12 min read

In this article by Kevin Harvey, author of the book Test-Driven Development with Django, we’ll expose the data in our application via a REST API. As we do, we’ll learn:

  • The importance of documentation in the API development process
  • How to write functional tests for API endpoints
  • API patterns and best practices

(For more resources related to this topic, see here.)

It’s an API world, we’re just coding in it

It’s very common nowadays to include a public REST API in your web project. Exposing your services or data to the world is generally done for one of two reasons:

  • You’ve got interesting data, and other developers might want to integrate that information into a project they’re working on
  • You’re building a secondary system that you expect your users to interact with, and that system needs to interact with your data (that is, a mobile or desktop app, or an AJAX-driven front end)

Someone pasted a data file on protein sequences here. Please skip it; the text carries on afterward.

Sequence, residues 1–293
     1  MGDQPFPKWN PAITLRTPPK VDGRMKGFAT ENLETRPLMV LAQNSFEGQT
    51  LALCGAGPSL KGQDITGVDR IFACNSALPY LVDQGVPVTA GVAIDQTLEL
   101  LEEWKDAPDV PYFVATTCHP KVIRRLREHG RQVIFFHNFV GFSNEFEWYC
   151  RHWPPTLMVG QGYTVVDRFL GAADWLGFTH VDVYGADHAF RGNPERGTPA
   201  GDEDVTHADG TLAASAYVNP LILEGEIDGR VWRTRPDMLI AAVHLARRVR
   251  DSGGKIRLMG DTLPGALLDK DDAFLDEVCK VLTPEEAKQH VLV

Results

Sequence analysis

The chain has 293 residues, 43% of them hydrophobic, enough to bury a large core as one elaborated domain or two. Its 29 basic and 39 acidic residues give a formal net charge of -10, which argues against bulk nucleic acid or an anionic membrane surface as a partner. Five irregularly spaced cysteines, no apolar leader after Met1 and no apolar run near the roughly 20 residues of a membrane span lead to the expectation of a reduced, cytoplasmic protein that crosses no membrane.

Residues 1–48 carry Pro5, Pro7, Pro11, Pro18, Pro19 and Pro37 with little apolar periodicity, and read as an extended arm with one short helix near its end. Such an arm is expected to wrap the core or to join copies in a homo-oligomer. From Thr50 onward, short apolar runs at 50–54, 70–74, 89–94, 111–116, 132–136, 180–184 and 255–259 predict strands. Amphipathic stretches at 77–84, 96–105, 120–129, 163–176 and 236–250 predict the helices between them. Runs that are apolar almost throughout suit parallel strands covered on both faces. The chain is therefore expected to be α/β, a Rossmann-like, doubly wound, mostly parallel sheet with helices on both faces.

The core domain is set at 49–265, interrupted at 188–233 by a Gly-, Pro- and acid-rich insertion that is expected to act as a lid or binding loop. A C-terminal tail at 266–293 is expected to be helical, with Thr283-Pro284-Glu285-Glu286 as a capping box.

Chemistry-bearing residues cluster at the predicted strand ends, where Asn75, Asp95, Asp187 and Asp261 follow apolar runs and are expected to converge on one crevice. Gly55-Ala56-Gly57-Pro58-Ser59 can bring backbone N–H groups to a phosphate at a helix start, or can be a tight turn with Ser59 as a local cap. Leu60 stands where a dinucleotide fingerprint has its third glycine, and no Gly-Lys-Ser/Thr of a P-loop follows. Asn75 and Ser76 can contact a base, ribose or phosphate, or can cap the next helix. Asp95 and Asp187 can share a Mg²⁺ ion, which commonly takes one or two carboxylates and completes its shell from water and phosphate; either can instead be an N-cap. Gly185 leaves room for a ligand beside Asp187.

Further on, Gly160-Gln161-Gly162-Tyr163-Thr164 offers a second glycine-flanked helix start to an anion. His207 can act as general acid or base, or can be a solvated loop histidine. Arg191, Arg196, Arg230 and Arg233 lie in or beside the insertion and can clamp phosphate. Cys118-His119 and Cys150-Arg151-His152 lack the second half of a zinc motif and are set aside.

We’ve got both reasons in our application. We’re housing novel, interesting data in our database that someone might want to access programmatically. Also, it would make sense to build a desktop application that could interact with a user’s own digital music collection so they could actually hear the solos we’re storing in our system.

Deceptive simplicity

The good news is that there are some great options for third-party plugins for Django that allow you to build a REST API into an existing application. The bad news is that the simplicity of adding one of these packages can let you go off half-cocked, throwing an API on top of your project without a real plan for it.